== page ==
How the Japanese Came to Love Grilled Beef (ASIAN 258)
Updated: Mar 27
If you’re like me, you're probably not going out much these days. So let’s fantasize about the places we might travel if we were suddenly free to move about. Imagine that money’s no object. Say we are flying out business class, to a densely-populated Japanese city for a meal. What would you have?
Many of you would go for sushi (that’s a different lecture, and we can return to Tokyo next week). Others would scarf down a nice piece of steak. Some kobe beef 神戸ビーフ? Or perhaps yakiniku 焼肉?
If you decided to take the plunge and go for the beef, you would not have to worry about your gourmand credentials. (Your green reputation, however, might suffer.)
Japanese beef is renowned and many Japanese dishes are made with it. Think of the stews (sukiyaki, gyûnabe). Let’s face it: wagyu cuts are pricey. They are sometimes served in fusion restaurants with chimichurri sauce. If you are in a more adventurous mood, you might taste the Japanese beef tartare, served up with a raw egg. After all, there’s no danger of food poisoning in fantasy land.
The tour is a teaser. If you haven’t already guessed, I’m telling you that the Japanese eat a fair amount of beef these days. Of course, Team America has them beat. But if we think per capita, then the Americans trail Uruguay, Argentina, and Hong Kong (yes, Hong Kong).
While Japan doesn’t make it to the top ten, kobe beef and yakiniku are nonetheless remarkable foods. They’re not only tasty, but also recent additions to Japanese cuisine.
Japan’s meat consumption, in fact, has risen sharply since the early twentieth century. In 1955, the average person consumed about 3 kilograms of meat. Do the math: a kilo is 2.2 pounds. In 2017, that figure was 54.7 kilos. If we scrutinize the numbers, it’s clear that beef makes up under 20 percent of the total. The rest is poultry and pork.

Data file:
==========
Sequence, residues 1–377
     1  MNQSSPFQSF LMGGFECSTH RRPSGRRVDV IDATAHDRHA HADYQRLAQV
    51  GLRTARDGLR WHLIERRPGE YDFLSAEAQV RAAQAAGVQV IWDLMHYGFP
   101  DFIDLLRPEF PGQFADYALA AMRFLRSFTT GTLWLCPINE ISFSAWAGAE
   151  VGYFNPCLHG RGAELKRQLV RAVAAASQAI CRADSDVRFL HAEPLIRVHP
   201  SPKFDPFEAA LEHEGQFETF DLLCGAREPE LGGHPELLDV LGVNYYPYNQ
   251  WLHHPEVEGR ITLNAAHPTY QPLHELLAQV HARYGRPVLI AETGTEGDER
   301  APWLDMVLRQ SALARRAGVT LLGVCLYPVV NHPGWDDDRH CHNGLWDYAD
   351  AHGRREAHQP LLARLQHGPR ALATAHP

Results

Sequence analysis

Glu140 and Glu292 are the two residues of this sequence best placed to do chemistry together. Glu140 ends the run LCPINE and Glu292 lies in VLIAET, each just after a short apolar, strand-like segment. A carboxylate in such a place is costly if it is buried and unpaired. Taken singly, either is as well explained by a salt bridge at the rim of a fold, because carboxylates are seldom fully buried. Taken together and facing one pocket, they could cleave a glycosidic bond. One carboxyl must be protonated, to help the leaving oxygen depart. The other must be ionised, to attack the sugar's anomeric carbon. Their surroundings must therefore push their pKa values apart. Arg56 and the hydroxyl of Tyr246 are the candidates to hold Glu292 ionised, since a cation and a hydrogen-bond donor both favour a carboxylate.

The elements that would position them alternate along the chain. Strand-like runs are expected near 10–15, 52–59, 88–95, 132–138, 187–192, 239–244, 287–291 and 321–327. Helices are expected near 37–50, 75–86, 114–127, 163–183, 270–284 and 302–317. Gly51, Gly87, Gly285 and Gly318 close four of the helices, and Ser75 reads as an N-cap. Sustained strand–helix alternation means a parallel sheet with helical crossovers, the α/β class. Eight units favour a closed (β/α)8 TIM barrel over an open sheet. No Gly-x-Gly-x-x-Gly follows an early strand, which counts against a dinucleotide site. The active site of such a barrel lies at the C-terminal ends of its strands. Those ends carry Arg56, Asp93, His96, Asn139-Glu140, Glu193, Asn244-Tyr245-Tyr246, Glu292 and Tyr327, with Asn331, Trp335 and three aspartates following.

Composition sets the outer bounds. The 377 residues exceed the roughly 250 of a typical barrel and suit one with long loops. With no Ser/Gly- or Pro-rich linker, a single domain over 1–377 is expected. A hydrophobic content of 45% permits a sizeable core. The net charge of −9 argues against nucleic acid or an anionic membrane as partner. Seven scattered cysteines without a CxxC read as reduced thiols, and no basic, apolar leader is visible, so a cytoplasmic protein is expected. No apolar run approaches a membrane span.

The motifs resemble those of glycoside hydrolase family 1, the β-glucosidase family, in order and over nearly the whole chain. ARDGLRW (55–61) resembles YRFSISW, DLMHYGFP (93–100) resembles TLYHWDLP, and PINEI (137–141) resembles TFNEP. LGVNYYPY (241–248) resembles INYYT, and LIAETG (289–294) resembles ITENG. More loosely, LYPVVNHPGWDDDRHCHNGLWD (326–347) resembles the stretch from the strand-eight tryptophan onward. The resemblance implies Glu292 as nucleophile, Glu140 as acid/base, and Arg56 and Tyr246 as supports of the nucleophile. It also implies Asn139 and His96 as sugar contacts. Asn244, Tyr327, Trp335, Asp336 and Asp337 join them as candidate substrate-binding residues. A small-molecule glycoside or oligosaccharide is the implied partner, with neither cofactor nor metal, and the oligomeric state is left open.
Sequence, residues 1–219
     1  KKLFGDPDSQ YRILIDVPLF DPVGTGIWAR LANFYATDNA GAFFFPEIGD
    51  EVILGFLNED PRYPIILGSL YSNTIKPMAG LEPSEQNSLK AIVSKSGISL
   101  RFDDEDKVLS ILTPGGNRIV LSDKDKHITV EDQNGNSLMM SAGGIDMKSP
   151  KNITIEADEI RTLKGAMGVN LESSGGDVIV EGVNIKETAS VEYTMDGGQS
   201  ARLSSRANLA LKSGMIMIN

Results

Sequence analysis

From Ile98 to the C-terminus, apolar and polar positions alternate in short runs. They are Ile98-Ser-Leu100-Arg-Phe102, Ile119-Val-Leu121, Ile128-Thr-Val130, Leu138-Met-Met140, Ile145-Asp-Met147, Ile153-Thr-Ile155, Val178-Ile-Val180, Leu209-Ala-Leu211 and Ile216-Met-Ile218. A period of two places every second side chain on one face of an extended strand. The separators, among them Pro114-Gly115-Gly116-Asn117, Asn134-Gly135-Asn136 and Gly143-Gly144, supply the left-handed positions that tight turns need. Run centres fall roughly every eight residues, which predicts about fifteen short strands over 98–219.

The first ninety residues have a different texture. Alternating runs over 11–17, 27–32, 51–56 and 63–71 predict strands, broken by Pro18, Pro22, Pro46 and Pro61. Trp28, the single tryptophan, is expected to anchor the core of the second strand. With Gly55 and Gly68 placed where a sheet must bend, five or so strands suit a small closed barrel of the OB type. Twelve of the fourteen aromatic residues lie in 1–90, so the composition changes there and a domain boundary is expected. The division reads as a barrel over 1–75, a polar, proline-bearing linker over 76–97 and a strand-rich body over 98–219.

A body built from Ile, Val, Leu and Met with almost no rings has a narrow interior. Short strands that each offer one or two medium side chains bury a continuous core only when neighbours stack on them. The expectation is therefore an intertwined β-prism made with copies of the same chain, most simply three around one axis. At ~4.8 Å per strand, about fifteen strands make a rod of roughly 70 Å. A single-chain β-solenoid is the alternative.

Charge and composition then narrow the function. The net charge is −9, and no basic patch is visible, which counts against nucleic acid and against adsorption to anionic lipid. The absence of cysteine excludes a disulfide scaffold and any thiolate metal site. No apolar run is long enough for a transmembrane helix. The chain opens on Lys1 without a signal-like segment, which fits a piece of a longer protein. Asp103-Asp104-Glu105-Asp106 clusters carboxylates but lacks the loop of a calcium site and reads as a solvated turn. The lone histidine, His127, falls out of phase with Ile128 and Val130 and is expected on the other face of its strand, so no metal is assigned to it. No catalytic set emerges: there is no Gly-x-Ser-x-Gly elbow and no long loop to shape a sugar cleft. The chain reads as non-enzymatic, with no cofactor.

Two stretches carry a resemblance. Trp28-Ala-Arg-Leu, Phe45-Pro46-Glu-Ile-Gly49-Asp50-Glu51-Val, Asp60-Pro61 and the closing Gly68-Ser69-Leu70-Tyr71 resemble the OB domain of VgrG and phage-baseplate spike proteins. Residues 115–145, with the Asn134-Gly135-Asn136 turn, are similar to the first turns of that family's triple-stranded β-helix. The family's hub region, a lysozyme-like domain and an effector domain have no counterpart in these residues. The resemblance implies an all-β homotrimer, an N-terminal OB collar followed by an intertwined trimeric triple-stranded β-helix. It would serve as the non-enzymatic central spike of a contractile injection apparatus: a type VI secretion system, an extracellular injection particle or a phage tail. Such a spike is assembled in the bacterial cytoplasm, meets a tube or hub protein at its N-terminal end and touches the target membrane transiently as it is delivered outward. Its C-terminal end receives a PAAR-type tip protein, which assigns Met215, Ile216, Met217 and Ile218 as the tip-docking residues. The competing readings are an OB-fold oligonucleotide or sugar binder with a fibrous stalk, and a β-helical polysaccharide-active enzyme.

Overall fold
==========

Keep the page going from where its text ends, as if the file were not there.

So how, then, did the Japanese become carnivores? The question is worth asking. As we saw in a previous lecture, the cultural matrix discouraged meat consumption. Japanese versions of carne de vinha d'alhos faded from the diets soon after the Portuguese went running. People in the homeland of wagyu steaks once avoided beef assiduously.
There are, of course, the usual suspects in our story: the Meiji reformers (1868-1912) and the American occupiers (1946-1952). This food puzzle, though, requires introducing a new set of actors. Ethnic Koreans, stranded in post-war Japan, had a starring role in this tale of dietary transformation.
But we are getting ahead of ourselves. Let’s back up for a moment, to the late nineteenth century. As you read on Monday, the Meiji reformers were hell bent on getting Japan on the fast track to modernization. This meant changing a lot about Japanese society and embracing novel ways of doing things – and, of course, getting people to consume new foods. Meat -- and particularly pork -- was among them. Sometimes, the pork turned up in the ramen (“Chinese soba”). But other times, it surfaced in Japanese interpretations of German dishes. Take tonkatsu, or pork cutlets breaded in panko. Yes, it’s often served on a bed of rice and consumed with chopsticks. But it’s a dead ringer for its ancestor: Schnitzel.
Tonkatsu also has a cousin. Heard of hambāgu ハンバーグ? It’s a loan word from the German, not the American (I mean English). Hambāgu comprises pork, beef, and panko. Don’t confuse it with pure beef hamburger (hambaga). The bun-sandwiched patty came later, with the Yankees. Hambāgu, in contrast, is older. You can serve it with rice, miso soup, and chopsticks. Some cookbooks classify hambāgu as washoku (Japanese-styled cuisine) rather than yōshoku 洋食 (foods of recent Western origin).
To be sure, Western foods made their way to Japan in the late nineteenth century. But the Meiji Japanese adoption of Western foods was limited. It fell more on the piecemeal side of the scale. Yes, you got a version of the Waldorf salad and some Schnitzel at the turn of the twentieth century.